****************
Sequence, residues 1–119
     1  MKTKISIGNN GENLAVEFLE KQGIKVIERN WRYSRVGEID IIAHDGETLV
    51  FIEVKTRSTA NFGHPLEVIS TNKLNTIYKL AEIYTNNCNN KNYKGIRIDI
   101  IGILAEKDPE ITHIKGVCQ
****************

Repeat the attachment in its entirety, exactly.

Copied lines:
Sequence, residues 1–119
     1  MKTKISIGNN GENLAVEFLE KQGIKVIERN WRYSRVGEID IIAHDGETLV
    51  FIEVKTRSTA NFGHPLEVIS TNKLNTIYKL AEIYTNNCNN KNYKGIRIDI
   101  IGILAEKDPE ITHIKGVCQ